While states like California, New York and Hawaii have taken the lead in setting ambitious renewable energy policies, a number of smaller states in the Northeast have not been far behind. And now with former governor Chris Christie (R) gone out of office in New Jersey, the state is poised to retake its position among leaders.
Yesterday the New Jersey House and Senate passed a bill to set one of the most ambitious renewable energy mandates in the nation, paired with one of the most ambitious energy storage goals. Simultaneously the House and Senate approved a bill to provide subsidies to the state’s aging nuclear power plants, which supply nearly half the state’s electricity.
Murphy is expected to sign the renewable energy bill, based on campaign rhetoric strongly in favor of renewable energy. pv magazine was not able to determine his position on the nuclear bailout bill by press time.
RPS overhaul, solar & energy storage targets
The first bill, A 3723, will increase New Jersey’s Renewable Portfolio Standard (RPS) to 50% by 2030, putting New Jersey new in a three-way tie for the third-most ambitious renewable energy mandate with California and New York. Only Hawaii (100% by 2045) and Vermont (75% by 2032) have more aggressive targets.
But that is far from all that A 3723 does. It also requires generators to source an increasing amount of their electricity from behind-the-meter solar, to reach 5.1% by 2021. This is the most ambitious target for distributed solar in the United States, exceeding even New Mexico’s 4% distributed solar mandate.
The bill also schedules the closure of the state’s Solar Renewable Energy Credit (SREC) program in 2021, and directs regulators to being a process to come up with a new program to support distributed solar, and an “orderly transition” away from SRECs.
Additionally, the bill will require state regulators to design a pilot program for community solar, that must be converted to a full-scale program no more than three years after the pilot program is established.
Finally, the bill sets a target for the state to reach 600 MW of energy storage by 2021 and 2 GW by 2030, along with studies regarding how this energy storage will benefit ratepayers and mechanisms to support its deployment.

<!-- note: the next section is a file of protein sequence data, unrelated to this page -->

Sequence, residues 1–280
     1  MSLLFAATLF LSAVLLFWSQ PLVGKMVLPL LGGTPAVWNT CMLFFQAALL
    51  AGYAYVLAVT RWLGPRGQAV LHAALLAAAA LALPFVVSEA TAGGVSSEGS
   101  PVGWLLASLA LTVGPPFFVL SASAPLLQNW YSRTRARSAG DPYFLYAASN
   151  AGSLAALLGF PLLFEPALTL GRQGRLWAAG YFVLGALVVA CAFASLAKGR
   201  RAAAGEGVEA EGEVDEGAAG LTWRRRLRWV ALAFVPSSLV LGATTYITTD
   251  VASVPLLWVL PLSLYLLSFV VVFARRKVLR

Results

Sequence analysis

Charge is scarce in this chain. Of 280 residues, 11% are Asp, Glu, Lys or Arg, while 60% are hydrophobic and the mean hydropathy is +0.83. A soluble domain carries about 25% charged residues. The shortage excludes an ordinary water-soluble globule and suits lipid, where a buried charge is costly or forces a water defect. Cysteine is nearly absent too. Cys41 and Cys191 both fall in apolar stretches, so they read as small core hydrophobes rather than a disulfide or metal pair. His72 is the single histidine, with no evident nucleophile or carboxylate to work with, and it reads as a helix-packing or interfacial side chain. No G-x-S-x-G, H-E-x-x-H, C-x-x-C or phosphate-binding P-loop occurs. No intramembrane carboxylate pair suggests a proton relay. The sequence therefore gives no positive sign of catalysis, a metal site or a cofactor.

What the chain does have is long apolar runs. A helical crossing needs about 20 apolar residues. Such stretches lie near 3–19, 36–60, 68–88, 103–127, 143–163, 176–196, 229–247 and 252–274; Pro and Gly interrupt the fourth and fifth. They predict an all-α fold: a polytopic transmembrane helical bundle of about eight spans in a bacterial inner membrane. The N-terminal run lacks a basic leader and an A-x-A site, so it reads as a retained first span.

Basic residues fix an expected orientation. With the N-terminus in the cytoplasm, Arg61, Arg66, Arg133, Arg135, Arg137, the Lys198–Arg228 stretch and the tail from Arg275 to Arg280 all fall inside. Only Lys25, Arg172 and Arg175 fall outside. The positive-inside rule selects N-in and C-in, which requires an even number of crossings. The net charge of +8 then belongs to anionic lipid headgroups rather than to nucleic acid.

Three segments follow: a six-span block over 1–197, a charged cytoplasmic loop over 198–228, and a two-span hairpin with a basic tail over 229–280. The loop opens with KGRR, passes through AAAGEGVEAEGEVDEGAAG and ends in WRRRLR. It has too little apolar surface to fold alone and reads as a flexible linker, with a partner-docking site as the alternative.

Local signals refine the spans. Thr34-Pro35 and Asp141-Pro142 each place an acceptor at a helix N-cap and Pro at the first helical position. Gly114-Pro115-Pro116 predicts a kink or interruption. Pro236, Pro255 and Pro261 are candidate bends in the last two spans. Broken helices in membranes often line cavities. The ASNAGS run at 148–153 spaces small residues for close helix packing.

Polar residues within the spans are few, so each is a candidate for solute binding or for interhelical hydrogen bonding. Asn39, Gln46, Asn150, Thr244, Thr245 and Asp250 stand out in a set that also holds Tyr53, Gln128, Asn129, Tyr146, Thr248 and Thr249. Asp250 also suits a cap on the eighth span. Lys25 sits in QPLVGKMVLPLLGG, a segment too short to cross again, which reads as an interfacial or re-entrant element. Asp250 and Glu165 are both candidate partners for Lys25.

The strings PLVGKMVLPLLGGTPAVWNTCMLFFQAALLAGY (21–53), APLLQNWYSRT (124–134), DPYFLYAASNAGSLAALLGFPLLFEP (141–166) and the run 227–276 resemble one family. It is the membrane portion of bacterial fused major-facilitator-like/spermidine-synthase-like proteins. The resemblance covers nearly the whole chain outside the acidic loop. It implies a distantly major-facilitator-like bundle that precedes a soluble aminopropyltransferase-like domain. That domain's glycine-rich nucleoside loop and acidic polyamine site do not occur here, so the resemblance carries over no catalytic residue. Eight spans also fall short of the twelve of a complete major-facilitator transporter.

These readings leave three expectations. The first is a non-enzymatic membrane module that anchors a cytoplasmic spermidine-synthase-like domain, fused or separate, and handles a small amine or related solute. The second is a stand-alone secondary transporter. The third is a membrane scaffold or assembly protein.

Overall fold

A 3723 was applauded by the solar and energy storage industries.
“With this vote, lawmakers have reinforced New Jersey’s position as a solar leader,” said Anne Hoskins, chief policy officer of Sunrun. “New Jersey is paving the way for a future where citizens can create, store, and share solar power with their neighbors and make our energy system more affordable, clean, and reliable for the whole community.”
Solar Energy Industries Association (SEIA) notes that the bill protects an estimated “thousands” of solar jobs which have been at risk due to the expiration of targets under the state’s current solar policy.
A 3723 was not the only bill to pass the New Jersey legislature yesterday. S 2313 requires regulators to establish a “zero emissions credit” (ZEC) program to provide financial support to the state’s aging fleet of nuclear power plants. This is similar to programs that have passed in Illinois and New York State, often in tandem with renewable energy measures.
In order to qualify for these ZECs, such plants will need to be licensed through 2030. As such it may be unlikely to save the 49-year old 608 MW Oyster Creek Nuclear Power Plant, which is scheduled to retire in 2019. However, it may provide subsidies and extend the lifetime of the combined 3.5 GW at the Hope Creek and Salem nuclear power plants, whose three reactors were put online between 32 and 41 years ago.
In-state nuclear plants supplied enough electricity to meet 42% of the state’s electric demand in 2017, accounting for a standard 10% transmission loss.
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